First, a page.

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DOI: http://dx.doi.org/10.11646/zootaxa.4290.2.3

Diversity of marine bryozoans inhabiting demosponges in northeastern Brazil

ANA C.S. ALMEIDA, FACELUCIA B.C. SOUZA, CARLA MENEGOLA, LEANDRO M. VIEIRA

Abstract


As primary or obligate sessile organisms, bryozoans depend upon a substratum resource that affects their abundance, distribution and diversity. These animals can colonize virtually any type of substratum, including other organisms and artificial structures. Associations between bryozoans and sponges are commonly reported in the literature, but there are few studies discussing the association between these two taxa in detail. Here we present data on the bryozoan community found on shallow-water sponges from Bahia coast, northeastern Brazil, including their taxonomic status, colony form and adaptative structures utilized by these bryozoans to grow on sponges. Twenty-one bryozoan species were found attached to the surface of sixteen species of sponges. Five new species of cheilostome bryozoans are described. A total of 105 colonies were studied and most of them are erect delicate branching (44 colonies) and encrusting patches (34 colonies). The majority of bryozoan colonies were attached to the surface of rugose-textured sponges (67 colonies; 61%). This suggests that bryozoans are more likely to settle on irregular and rough surfaces. Patches colonies were mainly attached to the portion of the sponge that was in contact with the seabed, and spot colonies were particularly found in spatial refuges, showing the preference of larvae to settle on shaded and less exposed substrata. Most erect bryozoans were attached to the lateral sponge surface, other colonies grew on the underside and few on the upper surface of the sponges. These colonies were attached either using anchoring rhizoids, rigid bases, or stolons. The bryozoan species and genera reported here are common in northeastern Brazil and considered generalists in terms of larval settlement requirements. The bryozoan-sponge association studied is considered a non-obligatory commensalism (inquilinism).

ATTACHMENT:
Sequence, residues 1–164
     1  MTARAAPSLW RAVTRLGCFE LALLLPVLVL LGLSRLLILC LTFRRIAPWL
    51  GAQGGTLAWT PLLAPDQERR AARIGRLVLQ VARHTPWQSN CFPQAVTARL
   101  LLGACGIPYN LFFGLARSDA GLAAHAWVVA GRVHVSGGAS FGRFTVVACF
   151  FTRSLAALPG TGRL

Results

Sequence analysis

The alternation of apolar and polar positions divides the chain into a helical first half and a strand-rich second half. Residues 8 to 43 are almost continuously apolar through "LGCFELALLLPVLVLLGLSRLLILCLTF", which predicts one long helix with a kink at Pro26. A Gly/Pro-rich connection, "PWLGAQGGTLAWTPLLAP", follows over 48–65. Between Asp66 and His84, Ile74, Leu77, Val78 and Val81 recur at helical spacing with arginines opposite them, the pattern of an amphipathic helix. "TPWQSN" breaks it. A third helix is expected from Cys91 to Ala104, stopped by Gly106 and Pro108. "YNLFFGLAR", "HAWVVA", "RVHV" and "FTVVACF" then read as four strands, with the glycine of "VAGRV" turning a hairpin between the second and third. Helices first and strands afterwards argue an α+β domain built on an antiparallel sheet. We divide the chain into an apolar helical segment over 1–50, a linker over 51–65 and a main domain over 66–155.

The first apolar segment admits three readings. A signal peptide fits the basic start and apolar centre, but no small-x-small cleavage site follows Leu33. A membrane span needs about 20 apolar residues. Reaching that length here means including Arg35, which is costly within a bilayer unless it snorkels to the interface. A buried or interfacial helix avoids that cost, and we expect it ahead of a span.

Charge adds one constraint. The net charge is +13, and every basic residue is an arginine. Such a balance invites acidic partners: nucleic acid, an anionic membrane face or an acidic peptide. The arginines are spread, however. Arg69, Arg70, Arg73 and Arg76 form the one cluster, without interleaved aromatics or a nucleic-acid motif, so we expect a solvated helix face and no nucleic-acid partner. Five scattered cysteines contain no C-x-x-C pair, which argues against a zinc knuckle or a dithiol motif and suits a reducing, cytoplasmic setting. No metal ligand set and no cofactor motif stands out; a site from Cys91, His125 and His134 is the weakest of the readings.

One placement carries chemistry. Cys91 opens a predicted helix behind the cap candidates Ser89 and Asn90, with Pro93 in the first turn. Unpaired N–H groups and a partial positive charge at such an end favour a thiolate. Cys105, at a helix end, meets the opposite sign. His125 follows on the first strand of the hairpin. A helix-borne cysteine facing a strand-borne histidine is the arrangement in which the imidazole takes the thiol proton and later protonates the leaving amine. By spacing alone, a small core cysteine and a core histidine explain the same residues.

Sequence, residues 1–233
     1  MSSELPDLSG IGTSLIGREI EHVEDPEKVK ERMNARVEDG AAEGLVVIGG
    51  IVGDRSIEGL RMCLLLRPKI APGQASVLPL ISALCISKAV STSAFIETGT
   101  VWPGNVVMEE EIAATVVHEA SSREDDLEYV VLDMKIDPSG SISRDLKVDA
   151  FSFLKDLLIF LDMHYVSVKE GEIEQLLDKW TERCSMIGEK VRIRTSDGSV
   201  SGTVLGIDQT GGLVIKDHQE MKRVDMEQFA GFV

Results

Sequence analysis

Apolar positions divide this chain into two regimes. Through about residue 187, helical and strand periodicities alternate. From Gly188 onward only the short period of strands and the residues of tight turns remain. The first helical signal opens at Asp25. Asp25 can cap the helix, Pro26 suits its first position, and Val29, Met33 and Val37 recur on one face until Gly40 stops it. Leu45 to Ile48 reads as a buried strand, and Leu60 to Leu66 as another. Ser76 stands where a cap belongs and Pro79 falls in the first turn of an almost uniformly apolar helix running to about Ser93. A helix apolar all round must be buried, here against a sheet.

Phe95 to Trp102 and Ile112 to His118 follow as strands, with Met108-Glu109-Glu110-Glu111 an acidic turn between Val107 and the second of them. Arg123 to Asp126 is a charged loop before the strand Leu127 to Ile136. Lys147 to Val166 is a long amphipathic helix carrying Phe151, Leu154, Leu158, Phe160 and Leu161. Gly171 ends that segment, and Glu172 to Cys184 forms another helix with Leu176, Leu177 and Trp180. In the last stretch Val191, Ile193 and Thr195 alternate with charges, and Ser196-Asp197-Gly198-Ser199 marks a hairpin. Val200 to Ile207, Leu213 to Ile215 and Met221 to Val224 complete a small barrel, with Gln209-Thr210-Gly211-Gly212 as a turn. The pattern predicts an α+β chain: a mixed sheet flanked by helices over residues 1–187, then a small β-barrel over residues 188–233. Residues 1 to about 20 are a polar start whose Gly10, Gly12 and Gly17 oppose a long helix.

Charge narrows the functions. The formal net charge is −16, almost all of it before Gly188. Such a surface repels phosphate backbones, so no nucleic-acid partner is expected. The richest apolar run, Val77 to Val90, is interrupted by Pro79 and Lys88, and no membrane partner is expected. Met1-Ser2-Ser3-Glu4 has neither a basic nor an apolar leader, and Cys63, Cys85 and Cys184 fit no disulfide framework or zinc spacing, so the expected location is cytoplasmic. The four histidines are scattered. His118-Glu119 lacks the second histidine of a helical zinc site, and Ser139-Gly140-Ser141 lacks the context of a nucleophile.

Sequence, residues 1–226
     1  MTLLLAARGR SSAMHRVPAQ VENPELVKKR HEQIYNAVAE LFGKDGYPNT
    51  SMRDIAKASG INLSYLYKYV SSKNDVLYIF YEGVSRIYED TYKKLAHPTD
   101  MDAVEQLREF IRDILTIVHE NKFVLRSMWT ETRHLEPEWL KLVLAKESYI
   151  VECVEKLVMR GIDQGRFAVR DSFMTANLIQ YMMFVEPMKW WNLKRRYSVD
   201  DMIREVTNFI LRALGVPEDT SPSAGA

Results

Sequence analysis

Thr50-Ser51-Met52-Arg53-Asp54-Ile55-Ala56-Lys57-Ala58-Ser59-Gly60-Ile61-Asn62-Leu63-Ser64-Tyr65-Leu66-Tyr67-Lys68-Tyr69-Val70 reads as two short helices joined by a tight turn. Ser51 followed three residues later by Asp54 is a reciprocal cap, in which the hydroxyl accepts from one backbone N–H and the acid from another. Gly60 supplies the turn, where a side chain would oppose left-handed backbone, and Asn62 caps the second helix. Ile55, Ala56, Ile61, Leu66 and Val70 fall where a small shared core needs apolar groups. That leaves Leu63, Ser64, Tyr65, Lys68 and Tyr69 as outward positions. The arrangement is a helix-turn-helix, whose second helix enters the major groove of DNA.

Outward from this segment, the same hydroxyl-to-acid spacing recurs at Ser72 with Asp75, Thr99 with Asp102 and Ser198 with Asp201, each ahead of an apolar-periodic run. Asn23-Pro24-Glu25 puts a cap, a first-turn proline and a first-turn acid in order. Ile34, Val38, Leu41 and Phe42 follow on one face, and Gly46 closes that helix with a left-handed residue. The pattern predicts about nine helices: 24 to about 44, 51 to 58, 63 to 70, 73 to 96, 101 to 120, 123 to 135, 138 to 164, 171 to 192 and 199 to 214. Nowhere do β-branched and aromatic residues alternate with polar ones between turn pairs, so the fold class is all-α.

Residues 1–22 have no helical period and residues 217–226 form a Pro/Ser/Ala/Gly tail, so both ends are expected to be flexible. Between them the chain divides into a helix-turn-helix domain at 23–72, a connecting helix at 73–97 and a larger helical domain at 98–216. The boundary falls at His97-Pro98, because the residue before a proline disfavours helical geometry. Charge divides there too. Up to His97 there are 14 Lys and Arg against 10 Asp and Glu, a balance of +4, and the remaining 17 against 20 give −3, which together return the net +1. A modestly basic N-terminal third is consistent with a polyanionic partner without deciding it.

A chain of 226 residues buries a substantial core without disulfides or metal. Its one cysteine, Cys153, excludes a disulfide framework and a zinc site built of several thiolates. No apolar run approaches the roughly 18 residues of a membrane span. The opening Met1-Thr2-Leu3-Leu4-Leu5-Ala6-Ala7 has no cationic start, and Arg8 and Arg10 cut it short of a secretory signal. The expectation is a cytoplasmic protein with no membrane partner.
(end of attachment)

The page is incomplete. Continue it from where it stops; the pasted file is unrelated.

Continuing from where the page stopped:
Keywords


Atlantic Ocean, Bryozoa, Cheilostomata, commensalism, Cyclostomata, new species

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ISSN 1175-5326 (Print Edition) & ISSN 1175-5334 (Online Edition)
Published by Magnolia Press, Auckland, New Zealand
A founding journal of Biotaxa